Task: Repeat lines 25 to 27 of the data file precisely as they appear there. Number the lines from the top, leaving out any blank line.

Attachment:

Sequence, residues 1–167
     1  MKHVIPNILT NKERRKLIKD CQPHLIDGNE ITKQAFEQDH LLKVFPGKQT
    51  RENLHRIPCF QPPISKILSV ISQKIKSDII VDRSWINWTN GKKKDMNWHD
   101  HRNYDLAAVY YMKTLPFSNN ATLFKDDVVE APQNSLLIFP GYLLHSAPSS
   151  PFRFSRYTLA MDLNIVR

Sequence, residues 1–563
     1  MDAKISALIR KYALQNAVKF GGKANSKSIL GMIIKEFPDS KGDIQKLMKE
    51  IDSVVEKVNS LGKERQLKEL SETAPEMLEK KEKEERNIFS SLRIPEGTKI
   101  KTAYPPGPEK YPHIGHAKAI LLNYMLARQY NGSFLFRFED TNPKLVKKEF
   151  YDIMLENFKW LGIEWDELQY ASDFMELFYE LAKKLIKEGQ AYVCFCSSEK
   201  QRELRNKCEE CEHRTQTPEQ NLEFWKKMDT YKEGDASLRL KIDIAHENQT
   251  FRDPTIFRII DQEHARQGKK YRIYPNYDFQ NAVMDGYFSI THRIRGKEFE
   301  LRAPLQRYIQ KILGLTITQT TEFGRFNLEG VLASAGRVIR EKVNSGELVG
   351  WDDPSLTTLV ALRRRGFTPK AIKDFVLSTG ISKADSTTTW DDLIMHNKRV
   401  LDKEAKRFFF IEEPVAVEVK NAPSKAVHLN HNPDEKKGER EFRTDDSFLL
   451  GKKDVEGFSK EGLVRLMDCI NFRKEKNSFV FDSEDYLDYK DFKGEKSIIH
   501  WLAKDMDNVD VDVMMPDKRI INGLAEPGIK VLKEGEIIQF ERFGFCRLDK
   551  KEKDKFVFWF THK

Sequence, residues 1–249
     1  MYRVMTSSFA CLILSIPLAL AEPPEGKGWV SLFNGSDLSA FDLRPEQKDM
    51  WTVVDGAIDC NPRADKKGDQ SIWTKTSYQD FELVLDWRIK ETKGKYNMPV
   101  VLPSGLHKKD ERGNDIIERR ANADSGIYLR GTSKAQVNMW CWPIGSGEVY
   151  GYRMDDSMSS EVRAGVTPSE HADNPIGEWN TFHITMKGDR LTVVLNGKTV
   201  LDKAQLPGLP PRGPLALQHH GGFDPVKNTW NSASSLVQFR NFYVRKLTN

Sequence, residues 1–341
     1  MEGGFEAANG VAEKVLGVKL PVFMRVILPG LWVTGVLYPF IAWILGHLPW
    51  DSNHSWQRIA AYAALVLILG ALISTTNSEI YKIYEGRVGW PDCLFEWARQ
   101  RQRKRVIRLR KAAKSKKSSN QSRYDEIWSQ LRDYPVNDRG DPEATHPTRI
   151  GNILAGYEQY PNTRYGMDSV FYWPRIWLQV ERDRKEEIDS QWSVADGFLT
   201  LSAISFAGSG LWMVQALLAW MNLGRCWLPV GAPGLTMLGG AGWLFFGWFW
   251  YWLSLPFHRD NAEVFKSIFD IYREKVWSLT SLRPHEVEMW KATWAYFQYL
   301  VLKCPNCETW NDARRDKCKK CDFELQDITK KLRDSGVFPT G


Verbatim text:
Sequence, residues 1–341
     1  MEGGFEAANG VAEKVLGVKL PVFMRVILPG LWVTGVLYPF IAWILGHLPW
    51  DSNHSWQRIA AYAALVLILG ALISTTNSEI YKIYEGRVGW PDCLFEWARQ